Even when the odds ratio or hazard ratio is not statistically significant, the results of the meta-analyses trend toward harm rather than benefit from erythropoietin. In my opinion, the overall impact of erythropoietin on overall survival is either neutral or slightly worse, not better.

H&O What are some of the other concerns about ESAs?

BL There is this whole concept that the erythropoietin compounds themselves make tumors grow, and I find zero evidence of this at current, pharmacologically recommended doses, as reviewed in our 2012 article in the British Journal of Cancer. I think you would need to go up a log order in terms of dose before you had any potential stimulation of tumors.

Even in the BEST trial, in which we targeted a hemoglobin level in the range of 13 to 14 g/dL, we did not see any effect on tumor progression with ESAs. As far as I am concerned, ESAs do not have any adverse effect in regard to tumor progression.

The other concern with ESAs has been the risk of thrombosis. If you look at the studies by Bohlius and colleagues that were published in the Cochrane Database of Systematic Reviews and the Journal of the National Cancer Institute in 2006, along with the meta-analyses by Tonelli and associates and Glaspy and colleagues, the risk ratios and odds ratios were consistently between 1.48 and 1.69—and statistically significant. There is no question that ESAs increased the number of thromboembolic events across all the studies. These are extremely potent drugs.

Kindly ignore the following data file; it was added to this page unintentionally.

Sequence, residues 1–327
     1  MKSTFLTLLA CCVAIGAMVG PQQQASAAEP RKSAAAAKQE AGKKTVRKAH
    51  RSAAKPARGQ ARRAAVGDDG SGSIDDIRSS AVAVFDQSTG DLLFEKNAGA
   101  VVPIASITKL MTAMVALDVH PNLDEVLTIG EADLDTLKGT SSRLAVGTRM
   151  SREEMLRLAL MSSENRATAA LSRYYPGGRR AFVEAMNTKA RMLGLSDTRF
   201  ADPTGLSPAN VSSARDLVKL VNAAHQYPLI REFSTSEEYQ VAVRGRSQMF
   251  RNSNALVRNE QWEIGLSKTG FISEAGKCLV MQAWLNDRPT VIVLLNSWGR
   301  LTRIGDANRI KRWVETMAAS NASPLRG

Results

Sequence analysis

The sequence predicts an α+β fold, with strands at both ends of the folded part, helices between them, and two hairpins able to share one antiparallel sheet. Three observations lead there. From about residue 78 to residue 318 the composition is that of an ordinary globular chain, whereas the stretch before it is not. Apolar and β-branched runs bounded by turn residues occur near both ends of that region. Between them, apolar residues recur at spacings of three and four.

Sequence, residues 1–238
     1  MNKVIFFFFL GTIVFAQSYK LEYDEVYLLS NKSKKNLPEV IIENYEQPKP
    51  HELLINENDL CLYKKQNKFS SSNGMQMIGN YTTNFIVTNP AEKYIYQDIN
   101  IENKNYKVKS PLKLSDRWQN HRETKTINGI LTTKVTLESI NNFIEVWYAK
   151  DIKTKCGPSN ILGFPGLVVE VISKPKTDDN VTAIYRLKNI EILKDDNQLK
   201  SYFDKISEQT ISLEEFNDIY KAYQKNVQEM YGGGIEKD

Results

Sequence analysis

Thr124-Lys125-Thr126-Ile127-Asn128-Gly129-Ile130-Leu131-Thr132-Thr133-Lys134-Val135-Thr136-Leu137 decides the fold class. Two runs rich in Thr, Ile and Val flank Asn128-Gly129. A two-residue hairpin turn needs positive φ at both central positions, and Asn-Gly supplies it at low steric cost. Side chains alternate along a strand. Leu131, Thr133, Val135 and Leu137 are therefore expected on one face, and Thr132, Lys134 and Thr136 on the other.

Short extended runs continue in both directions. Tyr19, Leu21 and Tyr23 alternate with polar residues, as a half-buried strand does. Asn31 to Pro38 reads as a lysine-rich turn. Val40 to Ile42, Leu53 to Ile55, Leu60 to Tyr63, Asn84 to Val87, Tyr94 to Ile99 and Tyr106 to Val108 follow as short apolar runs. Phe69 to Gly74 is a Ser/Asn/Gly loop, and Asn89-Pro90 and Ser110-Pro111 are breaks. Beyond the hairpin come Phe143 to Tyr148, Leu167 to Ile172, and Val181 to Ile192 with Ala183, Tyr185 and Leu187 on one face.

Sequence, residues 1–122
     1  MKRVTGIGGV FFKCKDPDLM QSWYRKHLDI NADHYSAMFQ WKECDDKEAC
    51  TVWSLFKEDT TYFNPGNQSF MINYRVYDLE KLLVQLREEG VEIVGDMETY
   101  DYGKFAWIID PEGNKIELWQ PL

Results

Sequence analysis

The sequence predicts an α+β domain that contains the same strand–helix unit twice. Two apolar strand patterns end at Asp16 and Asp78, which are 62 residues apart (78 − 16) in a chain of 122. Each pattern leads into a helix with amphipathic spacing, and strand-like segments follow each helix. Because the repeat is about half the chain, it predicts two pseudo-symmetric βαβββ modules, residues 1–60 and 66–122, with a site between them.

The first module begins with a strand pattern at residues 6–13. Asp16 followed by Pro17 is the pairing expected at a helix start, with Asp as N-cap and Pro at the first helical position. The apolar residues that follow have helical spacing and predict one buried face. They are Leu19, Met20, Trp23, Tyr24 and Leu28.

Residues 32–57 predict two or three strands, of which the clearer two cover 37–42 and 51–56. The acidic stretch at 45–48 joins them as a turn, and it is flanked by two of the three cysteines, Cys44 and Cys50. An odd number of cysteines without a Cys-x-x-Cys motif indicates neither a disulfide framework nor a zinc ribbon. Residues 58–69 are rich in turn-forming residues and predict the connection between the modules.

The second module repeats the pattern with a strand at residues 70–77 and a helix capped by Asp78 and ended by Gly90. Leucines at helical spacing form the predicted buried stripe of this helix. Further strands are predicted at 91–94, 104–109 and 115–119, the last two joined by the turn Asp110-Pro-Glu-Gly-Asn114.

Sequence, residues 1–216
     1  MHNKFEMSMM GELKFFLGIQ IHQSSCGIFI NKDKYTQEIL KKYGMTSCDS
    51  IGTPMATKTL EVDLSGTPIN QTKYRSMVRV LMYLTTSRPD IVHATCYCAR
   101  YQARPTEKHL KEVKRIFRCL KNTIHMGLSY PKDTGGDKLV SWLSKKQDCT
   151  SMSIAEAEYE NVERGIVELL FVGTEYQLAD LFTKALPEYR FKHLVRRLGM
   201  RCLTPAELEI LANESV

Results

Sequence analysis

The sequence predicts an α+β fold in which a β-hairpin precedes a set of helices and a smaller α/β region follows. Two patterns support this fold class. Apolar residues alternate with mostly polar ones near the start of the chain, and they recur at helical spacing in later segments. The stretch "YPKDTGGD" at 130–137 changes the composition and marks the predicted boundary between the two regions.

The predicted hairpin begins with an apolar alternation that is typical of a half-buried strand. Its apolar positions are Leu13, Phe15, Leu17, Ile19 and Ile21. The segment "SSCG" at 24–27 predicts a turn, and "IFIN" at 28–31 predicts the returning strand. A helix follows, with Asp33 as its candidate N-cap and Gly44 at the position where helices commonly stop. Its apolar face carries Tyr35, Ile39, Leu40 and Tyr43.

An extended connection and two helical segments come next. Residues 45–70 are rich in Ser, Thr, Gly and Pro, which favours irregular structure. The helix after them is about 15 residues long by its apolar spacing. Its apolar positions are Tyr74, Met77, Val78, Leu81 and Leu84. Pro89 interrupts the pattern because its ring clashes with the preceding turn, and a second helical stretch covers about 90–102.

Thus, the original vision that we had of ESAs improving survival for cancer patients is gone. They seem to have a somewhat adverse effect on overall mortality, and I ascribe that to an increased risk of thromboembolic events. I do not believe that ESAs have any effect on tumor progression.

H&O What do you think of the guidelines that are available regarding ESA use?

BL The guidelines—from the National Comprehensive Care Network (NCCN), ASCO/the American Society of Hematology, and the European Organization for Research and Treatment of Cancer—are all reasonable. I absolutely advocate using these drugs according to the guidelines. For the treatment of anemia due to concomitant myelosuppressive chemotherapy in patients with nonmyeloid malignancies without curative intent, the NCCN states that ESA use should be considered when the hemoglobin is 11 g/dL or lower, or 2 g/dL or more below baseline.

There is no point in needlessly allowing patients to cope with fatigue that prevents them from leading quality lives, especially those who have metastatic disease and do not have very long to live. Fatigue is linked to depression. When these patients get their hemoglobin level up to 12 or 13 g/dL, they generally have an improvement in their quality of life.

H&O What other changes have occurred that affect ESA use?

BL The other big change that provoked greater use of ESAs was the move to dose-dense chemotherapy regimens in the early 2000s. These regimens required patient support in the form of granulocyte colony-stimulating factor agents and often ESAs. These regimens have become quite a bit less popular than they used to be, so the need to use ESAs in the adjuvant setting is greatly reduced.